Sunday, November 24, 2013

Some journeys

Crossmichael and New Galloway in the last two days. The Mickle is an old place, no less than 16 different ancient sites, forts and stone circles, are scattered round about. It looks old, too. The Church tower is 17th century but the site is more ancient than that. The village was rain swept and deserted. Like all these communities- I know, I live in one- they flare episodically into life but not that afternoon. 

Sir Robert Gordon who donated the bell in the Church Tower in the 1620s was one of the very first to obtain a charter to establish a colony of emigrants in Nova Scotia and thus begin Scotland's most consistently successful export to date, its own people. He and his son called the colony Galloway.

Crossmichael Church
There wasn't a soul in the Thistle Inn, until a couple from Blackpool arrived with their soulful spaniel. The last time I was in Crossmichael I was at the makar Willie Neill's funeral. Willie lived in a house adjoining the pub then later at another at the entrance to the village. He wrote in all the languages of Scotland, and was a terrific poet who, while not neglected in Scotland, didn't get accorded the status he deserved, the status he would probably have been given if he'd lived and worked elswhere.
Oscar the Dog and his novel

Later at New Galloway, two buses missed and in the pitch dark, the Cross Keys Inn was packed, but everyone was from Cirencester apart from Oscar the dog, who owns his own book and piano and is from London. It was a very big shooting party. Someone made the usual joke about hunting peasants. As they chattered. a weather beaten and worldly old man was scooping their fifty pound notes into a huge wad and I was reminded of Wille;s poem, The Marksman'.

I never saw him waste a single shot.
He wouldn’t fire unless he knew a kill,
Marksmanship guaranteed to fill the pot.
In memory I see him standing still
over the autumn moor. The swollen bags
of bowed-and-scraped-to gentry on a shoot,
wounding or blowing driven game to rags
or wasting cartridges without a hit
he sneered at, although sometimes paid to beat
their fostered game-birds on an autumn day.
‘There goes some London glutton’s annual treat….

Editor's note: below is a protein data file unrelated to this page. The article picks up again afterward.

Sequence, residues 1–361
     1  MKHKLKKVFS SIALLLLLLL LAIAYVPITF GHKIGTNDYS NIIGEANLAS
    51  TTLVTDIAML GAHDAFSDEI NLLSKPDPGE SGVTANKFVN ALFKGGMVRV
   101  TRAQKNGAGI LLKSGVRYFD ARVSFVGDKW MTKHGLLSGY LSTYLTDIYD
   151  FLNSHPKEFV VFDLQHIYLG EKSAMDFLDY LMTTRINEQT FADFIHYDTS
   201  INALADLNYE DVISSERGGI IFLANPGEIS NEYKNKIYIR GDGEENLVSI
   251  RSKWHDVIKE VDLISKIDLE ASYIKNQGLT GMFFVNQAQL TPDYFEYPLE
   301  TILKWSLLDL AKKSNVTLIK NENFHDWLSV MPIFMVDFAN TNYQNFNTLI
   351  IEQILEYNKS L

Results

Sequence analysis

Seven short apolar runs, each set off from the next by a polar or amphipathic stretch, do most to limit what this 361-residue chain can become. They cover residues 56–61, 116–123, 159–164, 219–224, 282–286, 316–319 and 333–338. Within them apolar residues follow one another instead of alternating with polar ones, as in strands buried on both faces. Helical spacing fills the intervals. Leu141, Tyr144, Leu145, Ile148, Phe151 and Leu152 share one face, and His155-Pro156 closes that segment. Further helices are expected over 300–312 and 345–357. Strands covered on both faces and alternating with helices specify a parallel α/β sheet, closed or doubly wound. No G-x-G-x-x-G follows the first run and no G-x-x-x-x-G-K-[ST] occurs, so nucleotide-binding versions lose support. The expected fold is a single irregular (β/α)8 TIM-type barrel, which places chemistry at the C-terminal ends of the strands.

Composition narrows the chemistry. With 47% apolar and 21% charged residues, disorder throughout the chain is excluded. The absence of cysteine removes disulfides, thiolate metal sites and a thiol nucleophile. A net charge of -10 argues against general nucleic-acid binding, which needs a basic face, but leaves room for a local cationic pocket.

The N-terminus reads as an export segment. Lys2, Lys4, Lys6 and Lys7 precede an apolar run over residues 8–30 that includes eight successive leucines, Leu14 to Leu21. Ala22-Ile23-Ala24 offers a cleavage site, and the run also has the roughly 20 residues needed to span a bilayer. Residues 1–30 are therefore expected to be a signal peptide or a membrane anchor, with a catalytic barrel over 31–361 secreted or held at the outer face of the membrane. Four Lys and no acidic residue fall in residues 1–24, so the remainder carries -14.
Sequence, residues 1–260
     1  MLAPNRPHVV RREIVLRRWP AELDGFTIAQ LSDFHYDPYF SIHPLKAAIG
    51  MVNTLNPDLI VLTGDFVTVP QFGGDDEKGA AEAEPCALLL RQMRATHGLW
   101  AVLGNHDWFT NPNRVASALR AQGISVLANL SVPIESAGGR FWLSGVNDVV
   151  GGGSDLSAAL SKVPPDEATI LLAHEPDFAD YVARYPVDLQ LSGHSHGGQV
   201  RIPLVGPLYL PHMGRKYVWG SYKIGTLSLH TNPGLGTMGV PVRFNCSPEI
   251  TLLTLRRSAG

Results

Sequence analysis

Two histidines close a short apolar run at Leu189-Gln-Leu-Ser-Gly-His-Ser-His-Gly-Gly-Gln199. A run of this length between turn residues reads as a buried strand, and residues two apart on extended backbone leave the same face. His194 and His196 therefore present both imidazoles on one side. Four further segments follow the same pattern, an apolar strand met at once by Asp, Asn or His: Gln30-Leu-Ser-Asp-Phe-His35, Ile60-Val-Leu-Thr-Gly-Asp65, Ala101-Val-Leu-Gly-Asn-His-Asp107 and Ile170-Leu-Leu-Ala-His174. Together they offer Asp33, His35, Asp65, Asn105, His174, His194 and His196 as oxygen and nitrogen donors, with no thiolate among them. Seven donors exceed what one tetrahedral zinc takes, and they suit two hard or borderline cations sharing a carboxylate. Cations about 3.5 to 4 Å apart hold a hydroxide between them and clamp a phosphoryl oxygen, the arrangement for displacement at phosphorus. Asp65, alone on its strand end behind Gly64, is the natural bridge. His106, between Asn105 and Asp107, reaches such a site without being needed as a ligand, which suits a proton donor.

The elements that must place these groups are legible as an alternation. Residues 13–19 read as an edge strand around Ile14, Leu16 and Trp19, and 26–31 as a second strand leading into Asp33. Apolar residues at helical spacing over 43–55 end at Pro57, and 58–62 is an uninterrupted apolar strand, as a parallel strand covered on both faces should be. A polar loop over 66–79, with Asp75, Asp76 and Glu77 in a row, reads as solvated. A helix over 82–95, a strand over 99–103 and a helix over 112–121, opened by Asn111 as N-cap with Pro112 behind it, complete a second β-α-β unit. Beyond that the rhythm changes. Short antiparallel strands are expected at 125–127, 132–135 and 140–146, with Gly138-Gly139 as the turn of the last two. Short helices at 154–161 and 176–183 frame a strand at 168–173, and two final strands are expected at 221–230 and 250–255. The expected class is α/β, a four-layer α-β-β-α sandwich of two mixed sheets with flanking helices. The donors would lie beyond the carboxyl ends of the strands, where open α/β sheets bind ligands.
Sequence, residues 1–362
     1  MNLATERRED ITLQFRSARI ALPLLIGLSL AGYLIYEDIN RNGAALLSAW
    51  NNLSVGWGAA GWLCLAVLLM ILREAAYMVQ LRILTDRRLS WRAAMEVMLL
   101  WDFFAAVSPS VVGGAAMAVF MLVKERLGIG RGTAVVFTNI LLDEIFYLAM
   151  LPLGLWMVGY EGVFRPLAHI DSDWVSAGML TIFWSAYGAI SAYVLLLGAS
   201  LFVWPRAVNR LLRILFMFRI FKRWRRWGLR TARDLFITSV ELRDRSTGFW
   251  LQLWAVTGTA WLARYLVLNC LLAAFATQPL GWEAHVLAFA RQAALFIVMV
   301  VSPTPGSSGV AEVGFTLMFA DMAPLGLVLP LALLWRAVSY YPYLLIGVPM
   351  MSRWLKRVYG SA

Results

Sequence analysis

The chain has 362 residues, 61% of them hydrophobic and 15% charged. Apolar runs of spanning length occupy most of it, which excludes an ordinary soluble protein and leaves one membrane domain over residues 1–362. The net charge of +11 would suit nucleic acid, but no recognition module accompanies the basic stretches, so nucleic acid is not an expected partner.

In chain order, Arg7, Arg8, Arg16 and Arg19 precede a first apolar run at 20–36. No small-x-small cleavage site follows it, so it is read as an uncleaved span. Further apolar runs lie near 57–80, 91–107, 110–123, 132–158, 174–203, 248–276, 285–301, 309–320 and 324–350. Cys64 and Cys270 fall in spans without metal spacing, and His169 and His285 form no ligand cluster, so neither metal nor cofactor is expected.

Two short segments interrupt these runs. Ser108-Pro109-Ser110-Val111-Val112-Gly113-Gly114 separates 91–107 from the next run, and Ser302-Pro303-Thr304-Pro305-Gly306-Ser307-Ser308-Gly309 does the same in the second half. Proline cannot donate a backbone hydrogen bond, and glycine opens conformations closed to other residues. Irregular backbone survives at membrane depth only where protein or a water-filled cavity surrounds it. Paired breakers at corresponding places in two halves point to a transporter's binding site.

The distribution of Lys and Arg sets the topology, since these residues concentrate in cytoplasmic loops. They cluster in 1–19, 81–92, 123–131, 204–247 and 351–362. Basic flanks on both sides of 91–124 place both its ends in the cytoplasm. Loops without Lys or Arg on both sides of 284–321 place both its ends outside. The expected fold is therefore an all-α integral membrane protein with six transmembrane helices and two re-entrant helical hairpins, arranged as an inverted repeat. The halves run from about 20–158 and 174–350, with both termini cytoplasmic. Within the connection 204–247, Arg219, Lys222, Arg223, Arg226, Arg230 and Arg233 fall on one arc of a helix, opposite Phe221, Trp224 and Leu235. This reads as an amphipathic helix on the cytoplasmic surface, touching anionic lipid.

and mostly killed by accident,’ he’d say.

Monday, November 18, 2013

Anthony Hopkins' Bench

There are always rumours about celebrities having secret hideaways in Dumfries and Galloway. You'll be on one of these wee buses that circle the region relentlessly and some auld heid will jerk a nicotined thumb in the direction of a farm track and say something like 'yon Claudia Schiffer lives doon there'. It's a type of wishful thinking, I suppose, as well as a kind of pride in our insular and highly remote landscape, as though folk with all the world to choose from couldn't see past sitting in the drizzle at the top of Auchengibbert Hill when they weren't partying in Monte Carlo or Cannes. Maybe it's a folk memory of past glories, as well. After all when the area was a frontier, strategically important for centuries saints, sinners and soldiers did indeed stride the hills and glens. Everybody who was anybody from Agricola to Walter Scott.

Of course some A listers do live here. Joanna Lumley has a house in Tynron, Alex Kapranos does yoga in Moniaive, but then he's Scottish so that maybe doesn't count. And for everyone who does or has lived here there are plenty who have visited and hated the place. Didn't Britt Ekland, while filming The Wickerman, describe Newton Stewart as "the most dismal place in creation... one of the bleakest places I've been to in my life. Gloom and misery oozed out of the furniture."? Scarlett Johansson's feelings about being filmed in the moors round Wanlockhead in the middle of November pretending to be an alien harvesting hitchikers body parts are not recorded, but might be imagined.